Don’t raise your prices just because another photographer told you. Take their advice with a grain of salt. If you are a small town photographer and a big city photographer said you don’t charge enough, it might not be the best advice. In reality, they can probably charge a lot more than someone who’s in a super rural area. Now on the flip side, if multiple photographers and clients are telling you to charge more, it’s probably time to charge more though.
Sometimes it may not be time to start charging more. When you’re portfolio building, keep building that portfolio when the risk is low, that way you don’t have to pay back a whole lot of money. If you mess up a session if you don’t want to get pigeonholed into the cheap photography range. But I would suggest setting a specific amount of time for your portfolio building. Let’s say for six months, I’m offering sessions at X amount for my portfolio. And then when the six months are up, go to the predetermined rates. You have your new predetermined rates listed on your website. So if they’re booking a session that’s after the date, you’ve set, they know your prices will be different.
Another reason not to raise your prices is just because you got new equipment, new equipment doesn’t necessarily make you a better photographer. I would suggest instead of raising your rates to pay for the equipment, save up to pay for the equipment before you buy it. Keep in mind. If you start too low, you’ll just be getting price shoppers who will jump ship at the next sign of a lower price. These people are not your loyal clients. You shouldn’t be afraid to lose them. Raising your prices will show you who your people really are.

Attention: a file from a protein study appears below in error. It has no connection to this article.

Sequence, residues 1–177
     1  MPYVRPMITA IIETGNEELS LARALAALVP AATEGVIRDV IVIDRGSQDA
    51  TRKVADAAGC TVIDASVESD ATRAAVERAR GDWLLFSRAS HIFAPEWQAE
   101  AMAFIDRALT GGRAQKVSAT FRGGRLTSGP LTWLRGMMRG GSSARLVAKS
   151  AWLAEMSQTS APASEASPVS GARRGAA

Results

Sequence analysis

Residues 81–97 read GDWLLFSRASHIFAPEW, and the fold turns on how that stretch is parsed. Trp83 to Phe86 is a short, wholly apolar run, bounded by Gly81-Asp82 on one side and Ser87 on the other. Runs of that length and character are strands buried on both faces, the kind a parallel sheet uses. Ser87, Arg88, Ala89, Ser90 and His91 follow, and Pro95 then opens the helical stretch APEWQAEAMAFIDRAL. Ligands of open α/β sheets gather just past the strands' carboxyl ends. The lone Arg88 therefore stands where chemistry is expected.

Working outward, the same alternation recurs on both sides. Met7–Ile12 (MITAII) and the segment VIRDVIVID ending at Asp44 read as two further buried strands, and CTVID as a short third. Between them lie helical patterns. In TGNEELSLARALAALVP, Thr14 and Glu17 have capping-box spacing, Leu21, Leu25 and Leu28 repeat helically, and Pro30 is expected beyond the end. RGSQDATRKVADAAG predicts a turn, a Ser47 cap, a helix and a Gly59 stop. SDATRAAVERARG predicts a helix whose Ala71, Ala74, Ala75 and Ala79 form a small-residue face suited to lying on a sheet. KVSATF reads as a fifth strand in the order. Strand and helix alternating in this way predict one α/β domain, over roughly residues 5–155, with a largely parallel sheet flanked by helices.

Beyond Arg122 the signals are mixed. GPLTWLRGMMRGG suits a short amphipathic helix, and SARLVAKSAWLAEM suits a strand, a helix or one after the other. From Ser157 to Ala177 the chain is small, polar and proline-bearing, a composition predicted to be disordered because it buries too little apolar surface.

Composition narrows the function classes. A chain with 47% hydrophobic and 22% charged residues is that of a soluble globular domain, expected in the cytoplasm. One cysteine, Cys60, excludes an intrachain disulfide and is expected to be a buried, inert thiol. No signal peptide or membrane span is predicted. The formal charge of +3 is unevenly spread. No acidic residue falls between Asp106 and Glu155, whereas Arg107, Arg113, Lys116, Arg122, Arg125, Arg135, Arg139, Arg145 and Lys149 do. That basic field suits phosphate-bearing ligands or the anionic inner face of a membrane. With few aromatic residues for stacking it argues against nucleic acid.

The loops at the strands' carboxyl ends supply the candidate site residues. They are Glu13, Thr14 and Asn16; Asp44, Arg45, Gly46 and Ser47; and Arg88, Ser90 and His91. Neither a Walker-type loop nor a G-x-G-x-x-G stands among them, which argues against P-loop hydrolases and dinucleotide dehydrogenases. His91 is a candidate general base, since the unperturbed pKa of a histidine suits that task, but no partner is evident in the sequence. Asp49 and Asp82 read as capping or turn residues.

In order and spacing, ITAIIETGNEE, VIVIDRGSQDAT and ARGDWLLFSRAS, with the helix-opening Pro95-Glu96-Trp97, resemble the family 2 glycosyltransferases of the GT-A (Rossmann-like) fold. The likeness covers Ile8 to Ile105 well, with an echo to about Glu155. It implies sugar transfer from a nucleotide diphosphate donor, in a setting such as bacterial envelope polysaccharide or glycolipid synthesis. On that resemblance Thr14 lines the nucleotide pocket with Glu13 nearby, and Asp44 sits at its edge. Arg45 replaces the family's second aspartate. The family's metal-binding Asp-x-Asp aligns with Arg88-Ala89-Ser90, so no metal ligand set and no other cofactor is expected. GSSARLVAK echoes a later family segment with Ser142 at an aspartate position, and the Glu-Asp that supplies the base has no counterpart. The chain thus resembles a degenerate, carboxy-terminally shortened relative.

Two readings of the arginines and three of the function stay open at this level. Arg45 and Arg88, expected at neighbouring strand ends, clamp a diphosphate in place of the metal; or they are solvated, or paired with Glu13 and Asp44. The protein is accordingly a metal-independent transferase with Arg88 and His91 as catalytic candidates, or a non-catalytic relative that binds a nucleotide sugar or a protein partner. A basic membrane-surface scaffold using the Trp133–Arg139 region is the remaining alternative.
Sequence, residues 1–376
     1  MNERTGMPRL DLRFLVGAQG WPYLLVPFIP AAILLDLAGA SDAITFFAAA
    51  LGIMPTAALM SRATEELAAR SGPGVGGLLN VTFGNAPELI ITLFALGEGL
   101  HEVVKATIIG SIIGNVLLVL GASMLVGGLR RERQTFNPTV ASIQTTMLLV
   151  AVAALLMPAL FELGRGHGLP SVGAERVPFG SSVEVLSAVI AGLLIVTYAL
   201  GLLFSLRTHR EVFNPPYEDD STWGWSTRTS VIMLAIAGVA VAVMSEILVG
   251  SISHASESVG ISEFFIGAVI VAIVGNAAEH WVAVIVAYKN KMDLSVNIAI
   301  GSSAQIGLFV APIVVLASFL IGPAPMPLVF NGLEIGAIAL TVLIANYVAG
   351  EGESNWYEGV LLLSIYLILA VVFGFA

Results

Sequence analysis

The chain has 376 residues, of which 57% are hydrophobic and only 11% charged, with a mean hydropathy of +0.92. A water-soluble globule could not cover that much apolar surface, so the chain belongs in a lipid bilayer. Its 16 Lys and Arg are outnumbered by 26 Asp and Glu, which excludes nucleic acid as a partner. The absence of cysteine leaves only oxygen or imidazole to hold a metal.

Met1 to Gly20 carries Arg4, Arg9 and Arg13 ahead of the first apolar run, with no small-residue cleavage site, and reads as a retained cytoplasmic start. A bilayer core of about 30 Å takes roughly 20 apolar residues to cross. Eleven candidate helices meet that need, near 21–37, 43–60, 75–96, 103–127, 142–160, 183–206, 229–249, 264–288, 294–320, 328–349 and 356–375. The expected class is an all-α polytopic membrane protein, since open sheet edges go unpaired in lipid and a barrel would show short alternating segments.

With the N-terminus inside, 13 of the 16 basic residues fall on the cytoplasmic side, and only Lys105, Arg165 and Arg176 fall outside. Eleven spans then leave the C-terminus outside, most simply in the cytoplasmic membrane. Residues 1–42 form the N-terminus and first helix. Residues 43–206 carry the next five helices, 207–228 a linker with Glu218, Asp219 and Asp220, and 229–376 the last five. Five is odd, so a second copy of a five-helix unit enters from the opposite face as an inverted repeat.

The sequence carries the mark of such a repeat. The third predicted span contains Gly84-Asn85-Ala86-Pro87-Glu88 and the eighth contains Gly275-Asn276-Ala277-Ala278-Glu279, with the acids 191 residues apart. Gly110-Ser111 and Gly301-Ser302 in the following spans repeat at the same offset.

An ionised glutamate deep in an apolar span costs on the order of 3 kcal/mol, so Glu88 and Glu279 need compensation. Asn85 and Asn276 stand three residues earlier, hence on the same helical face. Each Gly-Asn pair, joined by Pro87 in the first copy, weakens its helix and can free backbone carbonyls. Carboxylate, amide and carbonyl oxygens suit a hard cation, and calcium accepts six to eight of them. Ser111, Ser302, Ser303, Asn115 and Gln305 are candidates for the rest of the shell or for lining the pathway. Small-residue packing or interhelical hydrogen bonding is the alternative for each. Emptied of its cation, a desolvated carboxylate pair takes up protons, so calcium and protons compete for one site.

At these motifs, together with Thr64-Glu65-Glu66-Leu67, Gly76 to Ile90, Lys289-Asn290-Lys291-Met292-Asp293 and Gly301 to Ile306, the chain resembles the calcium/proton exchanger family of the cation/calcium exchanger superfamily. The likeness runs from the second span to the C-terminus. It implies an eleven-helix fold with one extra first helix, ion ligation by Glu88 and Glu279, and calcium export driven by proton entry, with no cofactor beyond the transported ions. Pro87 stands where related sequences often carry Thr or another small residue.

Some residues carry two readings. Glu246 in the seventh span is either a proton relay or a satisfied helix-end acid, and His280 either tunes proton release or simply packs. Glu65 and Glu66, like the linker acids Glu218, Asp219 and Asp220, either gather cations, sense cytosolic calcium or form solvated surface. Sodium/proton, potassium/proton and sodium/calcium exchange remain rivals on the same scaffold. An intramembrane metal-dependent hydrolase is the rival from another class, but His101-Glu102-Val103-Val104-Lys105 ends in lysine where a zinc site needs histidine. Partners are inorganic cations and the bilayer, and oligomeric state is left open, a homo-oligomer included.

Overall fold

So when is it time to raise your prices? Like when’s the best time to do it? I would say before the busy season, the new year, or just do it right now. How much should you raise your prices by? There’s a couple things that go into that. I really hate the phrase, charging your worth. It makes me cringe a little bit. We’re all worthy. And how do you measure worth? I’m not sure.
So let’s kind of look at this a little bit more. Logically first you have to run your cost of doing business and you have to determine what your expenses are. I know this is not fun. This is not glamorous, but sit down, do it, figure out everything you spend money on. You’re going to be shocked and it’s going to make you a little bit sick. Think of your studio rentals, the apps you use, websites you are paying for, gas, and props.
If you pay for education and coaching, camera equipment, anything you spend money on for your business is an expense. And it’s also a tax write off. Once you have that number, then sit down and think about what you offer. Are you a more intimate boutique experience? Do you spend a little bit more time with your clients before the session? Do you offer the full gallery?
And now, like I know I said don’t offer the full gallery, but if you do wanna offer the full gallery, you better be charging for it. Do you offer a client closet? If you’re paying for people to have clothes to wear, you should charge for that. What are your special touches that add value to your clients? You can charge more. If you add these little touches on there, how much do you want to make per month? How many sessions do you wanna take per month?